When disjoining a log, several factors affect the value of the sawn timber. There are log features, such as outer shape, knots, rot, and so on. There are also sawing parameters, such as sawing pattern, log position, and so on. If full information about log features is available, sawing parameters can be adapted in order to maximize product value in sawmills. This is soon possible, since computed tomography (CT) scanners for the sawmill industry are being realized. This study aimed at investigating how CT data can be used to choose rotational position, parallel displacement, and skew of sawlogs, to maximize the value of the sawn products. The study was made by sawing simulation of 269 CT scanned logs of Scots pine (Pinus sylvestris L.) and Norway spruce (Picea abies [L.] H. Karst.). The results showed that value recovery could be improved by 13% in average, compared to a sawing position based on log outer shape, and 21% compared to sawing logs centered and horns down. It can be concluded that a CT scanner, used in a sawline to optimize sawing parameters, has a large potential for increasing value recovery and thus profit.

  • 16.
    Fredriksson, Magnus
    Luleå University of Technology, Department of Engineering Sciences and Mathematics, Wood Science and Engineering.
    Optimizing sawing of boards for furniture production using CT scanning technique2015In: Journal of Wood Science, ISSN 1435-0211, E-ISSN 1611-4663, Vol. 61, no 5, p. 474-480Article in journal (Refereed)
    Abstract [en]

    The inherent variability of wood material together with sub-optimization in production processes means that a lot of potential value is lost. Computed tomography scanning together with simulation models of the production processes could remedy this, and ensure optimization of the entire production process. Therefore, the purpose of this study was to investigate if such methods can be used to optimize the sawing position of logs in a production process including further processing, in this case crosscutting to make a furniture product with strict quality requirements on dead knots. This was done on 47 Scots pine (Pinus sylvestris L.) logs. The results show a potential yield increase of more than 11 % points in the crosscutting operation and more than 4 % points when viewing the process as a whole, compared to sawing the logs horns down and centered

  • 17.
    Fredriksson, Magnus
    Luleå University of Technology, Department of Engineering Sciences and Mathematics, Wood Science and Engineering.
    Reconstruction of Pinus Sylvestris knots using measurable log features in the Swedish Pine Stem Bank2012In: Scandinavian Journal of Forest Research, ISSN 0282-7581, E-ISSN 1651-1891, Vol. 27, no 5, p. 481-491Article in journal (Refereed)
    Abstract [en]

    The objective of this study was to develop a method for reconstruction of parametrically described whorls and knots from data possible to extract from industrial scanning of logs, using X-ray scanners. The method was conceived using the logs in the Swedish Pine Stem Bank as a foundation, and was based on a few predictor features extracted from these logs; namely whorl volume, distance between whorls and distance between pith and surface. These features were not measured in images but calculated from existing parameterised knots. Simulated test sawing shows that the reconstruction method results in a representative model of the knot structure in the log, when considering the grade distribution of the sawn timber produced by the simulation program. The results of this study could, for instance, be used for improved online quality predictions at sawmills. One step in this direction is to use industrial X-ray data to enlarge the amount of log data available for sawing simulation research. Future work can, therefore, focus on developing a practical application of the results presented here.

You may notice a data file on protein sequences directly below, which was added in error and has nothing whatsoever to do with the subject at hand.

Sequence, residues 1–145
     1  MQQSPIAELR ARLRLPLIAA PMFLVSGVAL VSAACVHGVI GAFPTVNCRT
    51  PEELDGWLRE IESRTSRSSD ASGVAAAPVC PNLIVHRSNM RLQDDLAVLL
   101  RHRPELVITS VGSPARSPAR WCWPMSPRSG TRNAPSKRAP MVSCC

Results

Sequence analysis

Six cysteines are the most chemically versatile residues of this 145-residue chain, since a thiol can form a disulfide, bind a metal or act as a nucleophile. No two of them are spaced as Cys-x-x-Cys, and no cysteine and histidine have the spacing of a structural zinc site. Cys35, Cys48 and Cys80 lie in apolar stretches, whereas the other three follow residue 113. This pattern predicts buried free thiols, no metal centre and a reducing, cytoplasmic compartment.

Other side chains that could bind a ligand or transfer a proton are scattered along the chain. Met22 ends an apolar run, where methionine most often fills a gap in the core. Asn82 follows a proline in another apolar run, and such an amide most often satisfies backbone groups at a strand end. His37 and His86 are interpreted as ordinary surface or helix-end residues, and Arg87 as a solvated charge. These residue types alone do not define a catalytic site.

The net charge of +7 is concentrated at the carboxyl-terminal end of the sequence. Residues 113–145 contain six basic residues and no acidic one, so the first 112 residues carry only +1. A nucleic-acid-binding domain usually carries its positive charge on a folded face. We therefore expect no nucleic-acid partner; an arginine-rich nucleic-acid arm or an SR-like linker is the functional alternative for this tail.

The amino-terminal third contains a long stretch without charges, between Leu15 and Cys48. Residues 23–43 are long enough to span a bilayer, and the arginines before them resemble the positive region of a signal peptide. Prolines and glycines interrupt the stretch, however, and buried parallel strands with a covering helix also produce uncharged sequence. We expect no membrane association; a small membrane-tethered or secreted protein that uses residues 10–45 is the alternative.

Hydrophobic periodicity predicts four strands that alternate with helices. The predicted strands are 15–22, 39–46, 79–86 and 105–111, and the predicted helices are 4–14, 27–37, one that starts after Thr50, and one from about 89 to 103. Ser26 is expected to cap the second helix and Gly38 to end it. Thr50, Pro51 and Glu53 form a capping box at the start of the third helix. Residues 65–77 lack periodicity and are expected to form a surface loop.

• 18.
    Fredriksson, Magnus
    Luleå University of Technology, Department of Engineering Sciences and Mathematics, Wood Science and Engineering.
    The Value of Wood: Production Strategies in the Forestry-Wood Chain Using X-ray Scanning and Computer Simulation2014Doctoral thesis, comprehensive summary (Other academic)
  • 19.
    Fredriksson, Magnus
    Luleå University of Technology, Department of Engineering Sciences and Mathematics, Wood Science and Engineering.
    Using a Gaussian filter to reduce the effect of positioning errors when optimizing sawing of CT scanned Scots pine and Norway spruce logs2017In: International Wood Machining Seminar (IWMS-23), 2017Conference paper (Refereed)
    Abstract [en]

    Computed tomography (CT) scanning of logs is being introduced in sawmills, so there is reason to study how log positioning can be controlled using information from CT. However, positioning errors affect this positioning optimization in a negative way. To reduce this effect, a method was developed using sawing simulation, where logs were sawn in a large number of positions, varying rotation and centering. This resulted in three-dimensional surfaces, with the sawn timber value, rotation and centering on the axes. The surfaces were filtered with a Gaussian filter using a distribution corresponding to that of the positioning error. The filtered values were used for optimization, choosing the global maximum. This resulted in a value recovery that was about two percent higher compared to a simpler optimization without filtering, for a normally distributed rotational error of 5 – 15° standard deviation and a ditto centering error of 3.5 – 10.5 mm standard deviation. This was tested using sawing simulation, using the optimal log position for the two methods, with an added positioning error. Furthermore, the robust method has been tested on a smaller number of rotational positions, starting from horns down, to reduce the number of necessary calculations. The result of this was that at least ± 60 ° in the rotational direction should be evaluated for the robust method to result in a higher recovery than the simpler optimization. The robust method was better than sawing horns down and centered, no matter the positioning error, using only 65 evaluated positions per log.